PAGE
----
IMG_3339"Well, that's gotta change", said I to me.  You see, I am only Italian by osmosis -- I married one. This has benefits and provides me with a bit of much-appreciated freedom too.

Benefits:  I get to learn from the Italian women in Joe's family, and, I am respectful of their recipes and traditions.  Who knew that risotto must be stirred counterclockwise?  

Freedom:  When pretending to be Italian in my American kitchen, I get to adlib a bit, and, make my own rules.  Today, I'm making: burro comporre, or, comporre di burro?

Italian Compound Butter?  Italiano Burro Comporre?    

IMG_3460Authentic?  No.  Delicious?  Absolutely.  You be the judge!

IMG_33078  tablespoons salted butter, at room temperature, very soft (1 stick)

1  teaspoon granulated garlic powder

1  teaspoon organic tomato powder, no additives no preservatives*

1/4  teaspoon fine sea salt

1  teaspoon red pepper flakes

6  tablesoons very-thin chiffonade of fresh basil leeaves

4  tablespoons finely-grated Parmigiano-Reggiano cheese

6a0120a8551282970b015432779207970c-320wiNote:  Tomato powder is powdered dehydrated tomatoes. I've come to love it over the past few years and I recommend you add it to your tomato-loving pantry.  It adds the flavor and acid of fresh or canned tomatoes without any liquid!

~ Step 1.  Remove butter from refrigerator and set aside to get very soft.  While butter is softening, use a microplane grater to finely-grate the cheese.  When the butter is soft:

IMG_3274 IMG_3283 IMG_3301~ Step 2.  Stack about 15-20 large basil leaves on top of each other.  Choose leaves with little discoloration and as few spots as possible.  Roll them up "cigar style", then, using a sharp chef's knife, slice through the cigar, to cut them into little "rags or ribbons".  If you don't have 6 tablespoons of basil chiffonade, slice a few more. Rough chop through the chiffonade, to make the ribbons smaller yet.

IMG_3317 IMG_3324 IMG_3328 IMG_3330~Step 3.  In a medium bowl, place the butter, garlic powder, tomato powder, sea salt and red pepper flakes.  Using any spoon, stir vigorously and often until mixture is uniform in color.  Taste.  If you think it needs a pinch of salt, add it.  More garlic powder? Go for it.  Don't look back.

IMG_3333~ Step 4.  Transfer butter to a food storage container and cover.  

If serving free-form, to slather on bread, refrigerate 2 hours or overnight, to give flavors time to marry.  Overnight is best.  Return to room temperature prior to serving.  

IMG_3151If scooping it into small portions or shaping it into a log, refrigerate 20-30 minutes, or until it is just firm enough to shape.

IMG_3126 IMG_3098Once scooped onto a parchment lined baking pan or rolled into log and wrapped in plastic, refrigerate 2 hours or overnight.  Use small scoops of compound butter as directed, cold or at room temperature.  Logs must be sliced cold, then used as directed, cold or at room temperature:

IMG_3485Allow me to slather my "Italian Butter"  on my French Bread: 

IMG_3363... and enjoy a taste while I cook some pasta:

IMG_3441Italian Basil, Tomato, Garlic, Parm & Pepper Butter:  Recipe yields 8 tablespoons equivalent to 1 stick of butter or 1/2 cup.

Special Equipment List:  microplane grater; cutting board; chef's knife; spoon; 1/2-cup food storage container w/lid; small ice-cream scoop, baking pan and parchment paper (optional), or; plastic wrap and kitchen twine (optional)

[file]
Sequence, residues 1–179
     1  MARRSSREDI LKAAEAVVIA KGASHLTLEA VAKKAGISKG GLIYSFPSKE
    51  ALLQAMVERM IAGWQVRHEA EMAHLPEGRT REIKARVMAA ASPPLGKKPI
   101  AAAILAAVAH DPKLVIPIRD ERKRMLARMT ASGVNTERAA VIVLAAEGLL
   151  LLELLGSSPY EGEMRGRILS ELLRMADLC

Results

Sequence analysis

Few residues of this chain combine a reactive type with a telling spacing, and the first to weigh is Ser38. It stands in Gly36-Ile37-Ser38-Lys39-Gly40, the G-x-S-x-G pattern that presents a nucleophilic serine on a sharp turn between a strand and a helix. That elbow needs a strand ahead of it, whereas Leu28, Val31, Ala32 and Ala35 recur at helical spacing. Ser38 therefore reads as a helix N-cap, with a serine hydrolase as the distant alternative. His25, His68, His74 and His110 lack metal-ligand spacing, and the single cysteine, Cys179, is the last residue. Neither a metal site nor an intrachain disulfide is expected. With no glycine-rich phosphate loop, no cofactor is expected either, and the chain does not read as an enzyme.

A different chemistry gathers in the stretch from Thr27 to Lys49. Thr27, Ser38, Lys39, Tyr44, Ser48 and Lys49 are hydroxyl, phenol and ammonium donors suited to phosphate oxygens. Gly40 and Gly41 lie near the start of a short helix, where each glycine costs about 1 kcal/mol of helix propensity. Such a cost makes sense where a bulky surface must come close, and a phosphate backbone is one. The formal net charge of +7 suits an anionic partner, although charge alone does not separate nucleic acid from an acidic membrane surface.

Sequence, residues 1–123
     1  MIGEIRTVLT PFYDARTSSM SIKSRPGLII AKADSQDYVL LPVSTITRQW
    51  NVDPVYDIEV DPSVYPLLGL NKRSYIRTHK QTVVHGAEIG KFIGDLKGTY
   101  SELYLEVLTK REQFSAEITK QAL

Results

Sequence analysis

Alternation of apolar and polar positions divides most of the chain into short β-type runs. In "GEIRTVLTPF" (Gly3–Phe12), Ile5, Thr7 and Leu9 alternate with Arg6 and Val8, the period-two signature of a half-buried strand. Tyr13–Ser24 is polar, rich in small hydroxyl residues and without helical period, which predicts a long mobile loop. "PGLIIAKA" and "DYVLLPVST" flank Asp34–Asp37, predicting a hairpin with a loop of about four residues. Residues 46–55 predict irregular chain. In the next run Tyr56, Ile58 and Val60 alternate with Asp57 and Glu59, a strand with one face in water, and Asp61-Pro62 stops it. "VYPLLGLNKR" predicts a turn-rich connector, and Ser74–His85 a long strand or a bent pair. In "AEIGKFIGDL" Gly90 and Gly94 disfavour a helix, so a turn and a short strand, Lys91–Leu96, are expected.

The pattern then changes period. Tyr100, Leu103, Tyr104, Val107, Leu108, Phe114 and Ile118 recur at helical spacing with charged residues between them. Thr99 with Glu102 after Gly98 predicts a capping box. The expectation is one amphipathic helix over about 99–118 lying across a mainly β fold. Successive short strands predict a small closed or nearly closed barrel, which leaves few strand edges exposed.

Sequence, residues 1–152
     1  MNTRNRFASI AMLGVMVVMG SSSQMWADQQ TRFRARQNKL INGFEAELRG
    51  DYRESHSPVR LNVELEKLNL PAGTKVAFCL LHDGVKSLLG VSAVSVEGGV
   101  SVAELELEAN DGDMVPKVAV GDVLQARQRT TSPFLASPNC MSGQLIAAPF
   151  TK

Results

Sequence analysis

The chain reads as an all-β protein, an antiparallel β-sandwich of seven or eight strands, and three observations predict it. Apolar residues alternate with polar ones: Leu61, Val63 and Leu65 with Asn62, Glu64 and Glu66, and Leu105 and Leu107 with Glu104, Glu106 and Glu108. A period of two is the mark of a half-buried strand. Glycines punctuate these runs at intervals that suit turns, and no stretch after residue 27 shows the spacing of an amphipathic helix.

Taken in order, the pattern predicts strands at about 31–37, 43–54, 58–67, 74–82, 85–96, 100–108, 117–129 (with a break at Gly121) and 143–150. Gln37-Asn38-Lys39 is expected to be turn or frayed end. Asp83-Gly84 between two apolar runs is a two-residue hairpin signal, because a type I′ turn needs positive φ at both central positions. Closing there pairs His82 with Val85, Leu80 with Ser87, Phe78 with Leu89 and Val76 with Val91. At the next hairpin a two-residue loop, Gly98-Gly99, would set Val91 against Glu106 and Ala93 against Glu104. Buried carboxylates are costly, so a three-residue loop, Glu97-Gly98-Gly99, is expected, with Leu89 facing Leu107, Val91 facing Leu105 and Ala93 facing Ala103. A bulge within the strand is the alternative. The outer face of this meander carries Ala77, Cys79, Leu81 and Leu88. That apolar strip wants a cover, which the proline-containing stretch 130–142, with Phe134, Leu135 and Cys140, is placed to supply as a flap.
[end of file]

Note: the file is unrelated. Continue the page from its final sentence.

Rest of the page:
IMG_2459Cook's Note:  For another non-authentic but really delicious way to enjoy a slice of bread, ~ My E-Z Big Fat Greek Lemon-Pepper Garlic Bread ~, found in Categories 2, 4, 5 or 20, compliments ~ My Big Fat Greek Lemony-Garlic Layered Shrimp Salad ~ perfectly!

"We are all in this food world together." ~ Melanie Preschutti

(Recipe, Commentary and Photos courtesy of Melanie's Kitchen/Copyright 2014) 

09/09/2014

~ The Savory-Sweet Simplicity of Compound Butter ~

IMG_3180The first time I made compound butter I was certain I had invented something important.  It was a life-changing moment.  It didn't get taught to me by my grandmother, Food TV or via a cookbook or a cooking publication.  I didn't learn the technical term for it until years later.  As a 6-year old, it was important to mix 1 1/2 teaspoons of Cinnamon 'n Sugar with two tablespoons of softened butter to make my cinnamon toast -- I didn't like getting cinnamon-sugar dust up my nose.  The quantity yielded 3 slices of perfectly-executed cinnamon-raisin toast (two for me and one for my little brother), or, enough to stir into our two bowls of steaming-hot oatmeal w/sliced bananas!

IMG_3073Mel's Favorite Childhood Cinnamon 'n Sugar Compound Butter:  

8 tablespoons very soft salted butter + 2  tablespoons Cinnamon 'n Sugar

IMG_3047 IMG_3055 IMG_3073Time marched on.  

I never thought much more about compound butter until I reached my teens and early twenties, when:

I began encountering it in fancy French restaurants in the form of an herbaceous thyme-shallot spread for a crispy 'n soft-centered baguette.  It showed up in hotel restaurants too (where it was generically referred to as "hotel butter"), in the form of a chilled dollop of a peppery parsley, assorted herbs and garlic butter, which melted down over the top of a big, thick, juicy steak.

A bit about compound butter:  Known as "beurre compose" in France, compound butter is room-temperature butter that is creamed with other ingredients.  There are savory versions and sweet versions.  Compound butter can be stored in a bowl or ramekin in the refrigerator, then  served soft, as a spread for enjoying on savory breads or sweet muffins.  It can be scooped into individual little dollops and placed on a parchment-lined baking pan.  Compound butter can be rolled into logs and refrigerated or frozen, to slice and season cooked meats, fish or vegetables. Almost anything soft or semi-soft and very flavorful can be used to make compound butter: